When it’s a lottery contract, the odds of winning are pretty good

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While masses of people are flocking to liquor stores to play today’s record setting Mega Millions lottery, those behind the games benefit from much shorter odds in the political game, using influence to ensure big payoffs.

Take Gtech, a gaming technology giant based in Providence, R.I., that has contracts with 16 of the states that participate in Mega Millions to provide lottery terminals and other services. The company, its PAC, employees and their family members have given $4.1 million in campaign contributions to state and federal-level candidates and party committees dating back to 1991. It’s spent $3.4 million lobbying the federal government since 1997, according to the Sunlight Foundation’s Influence Explorer.

Gtech has also been a revolving door destination for state lottery officials. In 1999, in a lengthy profile of the company, the Washington Monthly reported,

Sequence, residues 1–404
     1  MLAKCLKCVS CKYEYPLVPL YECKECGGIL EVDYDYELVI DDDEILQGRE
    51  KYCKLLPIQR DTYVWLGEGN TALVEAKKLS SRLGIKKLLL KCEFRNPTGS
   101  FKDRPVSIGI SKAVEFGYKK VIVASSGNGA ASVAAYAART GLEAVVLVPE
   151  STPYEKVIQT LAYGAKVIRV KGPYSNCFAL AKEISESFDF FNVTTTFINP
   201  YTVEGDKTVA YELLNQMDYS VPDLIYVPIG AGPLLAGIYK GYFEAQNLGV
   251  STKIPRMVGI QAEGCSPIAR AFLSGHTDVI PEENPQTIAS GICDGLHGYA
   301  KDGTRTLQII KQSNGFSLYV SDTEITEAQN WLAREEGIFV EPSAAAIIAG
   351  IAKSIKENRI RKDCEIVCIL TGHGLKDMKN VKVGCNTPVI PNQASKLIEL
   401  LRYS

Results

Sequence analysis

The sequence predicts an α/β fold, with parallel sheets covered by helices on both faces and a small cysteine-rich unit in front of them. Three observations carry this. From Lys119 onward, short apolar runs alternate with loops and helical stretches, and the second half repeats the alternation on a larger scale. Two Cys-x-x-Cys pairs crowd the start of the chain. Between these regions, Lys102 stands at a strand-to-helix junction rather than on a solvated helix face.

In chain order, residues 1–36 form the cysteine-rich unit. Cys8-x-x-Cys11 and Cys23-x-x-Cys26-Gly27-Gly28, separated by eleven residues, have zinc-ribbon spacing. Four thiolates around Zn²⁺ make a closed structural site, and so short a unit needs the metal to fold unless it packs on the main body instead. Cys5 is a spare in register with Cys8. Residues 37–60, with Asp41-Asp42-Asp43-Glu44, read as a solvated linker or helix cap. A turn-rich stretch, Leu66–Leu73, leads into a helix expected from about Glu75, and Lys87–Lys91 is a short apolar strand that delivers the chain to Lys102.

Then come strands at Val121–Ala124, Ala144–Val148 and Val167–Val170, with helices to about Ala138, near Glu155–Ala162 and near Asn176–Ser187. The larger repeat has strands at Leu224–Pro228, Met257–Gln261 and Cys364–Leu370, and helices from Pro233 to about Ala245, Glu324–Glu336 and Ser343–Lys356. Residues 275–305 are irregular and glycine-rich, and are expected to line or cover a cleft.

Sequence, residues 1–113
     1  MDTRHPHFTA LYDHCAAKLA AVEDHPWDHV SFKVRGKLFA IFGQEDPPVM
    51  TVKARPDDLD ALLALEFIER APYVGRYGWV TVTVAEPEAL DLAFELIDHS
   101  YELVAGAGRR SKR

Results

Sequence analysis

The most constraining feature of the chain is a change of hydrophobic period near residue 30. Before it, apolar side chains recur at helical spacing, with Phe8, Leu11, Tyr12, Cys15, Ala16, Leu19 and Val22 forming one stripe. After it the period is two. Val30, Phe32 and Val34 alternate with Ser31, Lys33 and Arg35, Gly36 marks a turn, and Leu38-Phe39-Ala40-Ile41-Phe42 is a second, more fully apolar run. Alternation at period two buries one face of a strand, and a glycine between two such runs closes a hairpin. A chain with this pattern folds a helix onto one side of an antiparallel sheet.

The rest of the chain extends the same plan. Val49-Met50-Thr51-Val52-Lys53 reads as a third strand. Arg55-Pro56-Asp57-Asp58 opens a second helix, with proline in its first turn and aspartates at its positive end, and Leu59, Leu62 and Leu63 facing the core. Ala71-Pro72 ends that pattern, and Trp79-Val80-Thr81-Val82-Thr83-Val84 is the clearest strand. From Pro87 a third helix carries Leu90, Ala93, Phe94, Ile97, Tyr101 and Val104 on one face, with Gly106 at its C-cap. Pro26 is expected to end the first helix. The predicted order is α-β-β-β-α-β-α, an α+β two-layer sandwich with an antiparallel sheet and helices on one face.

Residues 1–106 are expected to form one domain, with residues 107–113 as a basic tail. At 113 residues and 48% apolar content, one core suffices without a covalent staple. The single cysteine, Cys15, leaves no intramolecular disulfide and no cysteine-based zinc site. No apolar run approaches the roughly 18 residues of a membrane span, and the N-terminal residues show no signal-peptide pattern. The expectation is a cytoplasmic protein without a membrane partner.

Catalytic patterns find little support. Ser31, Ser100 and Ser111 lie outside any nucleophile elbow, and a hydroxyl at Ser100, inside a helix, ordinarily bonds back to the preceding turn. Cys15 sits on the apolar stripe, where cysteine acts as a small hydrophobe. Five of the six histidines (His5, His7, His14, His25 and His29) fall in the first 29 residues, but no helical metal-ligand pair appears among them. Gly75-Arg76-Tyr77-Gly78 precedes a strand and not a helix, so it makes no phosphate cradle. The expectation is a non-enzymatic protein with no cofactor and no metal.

Three directors of the New York state lottery have gone to work for the company as lobbyists or consultants, as have numerous directors from other states. After a conflict over Massachusetts’ lottery, director James Hosker, a close friend of Gtech’s, took the job managing Kentucky’s lottery and secured a sweet deal for the company in that state. Where did Hosker move next? A lucrative job on the Gtech payroll.

In a 2007 article, the Journal News in Lower Hudson Valley, N.Y., detailed numerous other incidents in Gtech’s past, including:

– Hiring the former patronage chief for then-New York Gov. Mario Cuomo as a $20,000-a-month consultant. Tonio Burgos held the job for about three months until the deal leaked out.

– Awarding a former gubernatorial aide in Missouri a 10-year, $80,000-a-year consulting contract after GTECH won that state’s business.

– Hiring lobbyists in Texas who included two former aides to then-Gov. George W. Bush, as well as former Lt. Gov. Ben Barnes. In 1996, public pressure led to Barnes’ contract being bought out for $23 million.

An Italian firm, Lottomatica S.p.A., acquired Gtech in August 2006. According to its most recent annual report, Gtech had $1.3 billion in revenues, was active in 51 countries, and provided its services to 26 of the 41 online lottery authorities in the United States.

Lottery suppliers like Gtech aren’t the gambling interests making sure bets on politics: casinos and other gaming companies have contributed more than $557 million to federal and state candidates and political committees since 1989, according to data in Influence Explorer.

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